Sunday, February 7, 2010

Gun show purchases: Web gear for newbies, black ops ammo and a Panzerfaust book.


Sold a couple of First Edition Civil War books I had and turned the money into:

Chinese SKS Gunner's Aprons (aka "bras")

Bought 3 of these, average price $3.50 each. These will be modified for American sized bodies with the addition of longer shoulder straps and belly bands (with Fastex buckles) and the wooden fasteners removed and replaced with either Fastex buckles or snaps.

Roumanian magazine pouch (with two 30-rd mag pockets and two accessory pockets) for AK-47 or -74.

Bought 24 of these at average price of slightly over two bucks apiece. These will be fitted with D-rings on the backside belt loops so they can be worn on the belt or over the shoulder as a mag bandoleer.

Universal Strap, Type 1, General Purpose.

Bought 20 of these, average price $1.50 each. Can be used to sling buttpacks, musette bags, 2-guart USGI canteens, TA-1 & TA-312 field telephones, and, of course, Roumanian AK pouches.

Paid twenty dollars for one 64 round box (unmarked) of what the owner said was Canadian "Armor piercing" 9 mm ball. Headstamp indicated it was 1940 production (?!?). Intrigued, I went and bought a five dollar combination bore light/laser pointer/magnet and this is definitely steel core stuff. The story, however, gets more interesting from there.

Regarding the Canadian-made 7.92 x 57 ammunition with anonymous headstamps (caliber and date only), there are 9mm counterparts that were not made during WWII, although dated like the 7.9s - 40 thru 45. There is no reason to believe that these 7.9s were made during WWII either. . . It is too long a story to retell here, but it will suffice to say that this was a covert deal involving U.S. agencies. The ammunition went to various places. These were made in the late 40s and early 50s for a US Agency and along with the 9mm version were issued with captured German weapons. As John said, made in Canada. . . Dominion Arsenal made this ammunition. . . The '51 and '56 (headstamps) tend to supoport the "clandestine" theory of the MM headstamped 9mm and 7.92 rounds. . . I know that it is felt some were made as early as 1944, but I don't really agree with that. Everything physical about the rounds - sequence of magnetic bullets and black PA points to 1950s manufacture for all of them. . . There is however some controversy because this ammo also turned up in the 1960s as clandestine supplies to CIA backed insurgents in Central and South America. . . Further in 9mm the sequence of magnetic bullets is correct if you add about 10 years to the dates, and the black primer seal becomes correct, as in the 50s, Canadian 9mm had a black seal and not the purple seal they had in the 1940s.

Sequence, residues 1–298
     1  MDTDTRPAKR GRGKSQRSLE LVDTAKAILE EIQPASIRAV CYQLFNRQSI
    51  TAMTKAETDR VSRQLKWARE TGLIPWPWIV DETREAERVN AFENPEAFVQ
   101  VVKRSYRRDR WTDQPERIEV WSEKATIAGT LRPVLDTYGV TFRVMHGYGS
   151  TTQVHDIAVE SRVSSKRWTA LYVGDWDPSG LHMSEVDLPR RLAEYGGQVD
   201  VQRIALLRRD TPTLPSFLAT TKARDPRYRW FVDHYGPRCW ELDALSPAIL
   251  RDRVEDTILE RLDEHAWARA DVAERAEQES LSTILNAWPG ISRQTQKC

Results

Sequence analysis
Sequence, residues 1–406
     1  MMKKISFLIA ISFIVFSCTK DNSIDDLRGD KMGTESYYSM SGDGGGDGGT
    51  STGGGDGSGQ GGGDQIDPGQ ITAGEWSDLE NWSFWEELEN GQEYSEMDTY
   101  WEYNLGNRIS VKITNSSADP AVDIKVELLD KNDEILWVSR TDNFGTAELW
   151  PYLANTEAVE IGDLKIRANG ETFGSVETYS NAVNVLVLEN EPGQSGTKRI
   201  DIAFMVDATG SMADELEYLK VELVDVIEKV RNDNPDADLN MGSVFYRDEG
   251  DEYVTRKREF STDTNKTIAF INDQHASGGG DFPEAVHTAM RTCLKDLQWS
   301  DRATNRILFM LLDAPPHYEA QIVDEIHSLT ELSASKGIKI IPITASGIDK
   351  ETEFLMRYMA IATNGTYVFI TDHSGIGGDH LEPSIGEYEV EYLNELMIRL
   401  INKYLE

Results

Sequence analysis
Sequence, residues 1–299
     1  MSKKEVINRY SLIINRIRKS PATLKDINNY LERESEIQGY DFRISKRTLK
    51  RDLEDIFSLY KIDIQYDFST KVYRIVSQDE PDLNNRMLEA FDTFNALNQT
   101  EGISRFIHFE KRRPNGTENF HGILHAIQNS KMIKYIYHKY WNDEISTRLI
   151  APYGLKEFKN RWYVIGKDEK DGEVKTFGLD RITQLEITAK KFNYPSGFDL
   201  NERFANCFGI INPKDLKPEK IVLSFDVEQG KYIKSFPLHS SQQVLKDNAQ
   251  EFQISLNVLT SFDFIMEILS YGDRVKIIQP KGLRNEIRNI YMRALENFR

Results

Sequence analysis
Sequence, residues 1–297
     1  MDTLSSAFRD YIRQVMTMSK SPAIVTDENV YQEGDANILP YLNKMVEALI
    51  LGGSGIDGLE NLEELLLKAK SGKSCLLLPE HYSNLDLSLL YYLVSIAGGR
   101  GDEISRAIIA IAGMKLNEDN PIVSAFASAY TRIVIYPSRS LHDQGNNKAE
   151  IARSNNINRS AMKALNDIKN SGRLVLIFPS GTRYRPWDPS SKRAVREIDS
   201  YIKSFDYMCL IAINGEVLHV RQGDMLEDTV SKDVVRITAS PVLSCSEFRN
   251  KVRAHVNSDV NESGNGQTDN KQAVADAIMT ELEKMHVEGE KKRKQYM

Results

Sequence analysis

The ammo I purchased has a black primer seal. Now ammunition that is made of mild steel cores is not, strictly speaking, "armor piercing," especially in the relatively puny 9mm. The decision by "The Company" to procure steel-core for guerrilla use is, however, understandable. Steel core, even mild steel core, will tear up steel car doors and thick auto glass better than lead core. The French Maquis found this out during their guerrilla war with the Germans and Vichy, and would prefer captured steel core ammo to air-dropped lead core. As the classic guerrilla tactic is the road ambush of enemy vehicles, it is perfectly understandable that the CIA would procure steel core in both 8mm and 9mm Luger with deliberately confusing head stamps.

So I have a piece of history, but I rather guess I will pack this up for Hannah's FEG Browning Hi-Power clone, just in case she has to deal with road-bound Nazis.


PS: Almost forgot. Also indulged my fascination with an easily-improvised anti-tank weapon:

I got a copy of Panzerfaust: And Other German Infantry Anti-Tank Weapons by Wolfgang Fleischer. Paid five bucks for it. ;-)


Scott J said...

Good to see you again. I almost picked up one of those "bras" but decided a spare mag for the new toy I showed you was a better purchase.

$39.95+ tax stung a bit but it was $35.99+ shipping from Midway and I want those extra rounds in my left pocket when I carry it right now.

Ran into our mutual friend who introduced us in the first place. He tickled my soft spot for S&W revolvers to a degree that's going to have me in beg mode with SWMBO for the rest of the year.

Moe Death said...

God bless you, Mike, for your efforts to enlighten those of us who need it (and I do believe the Lord knows I do).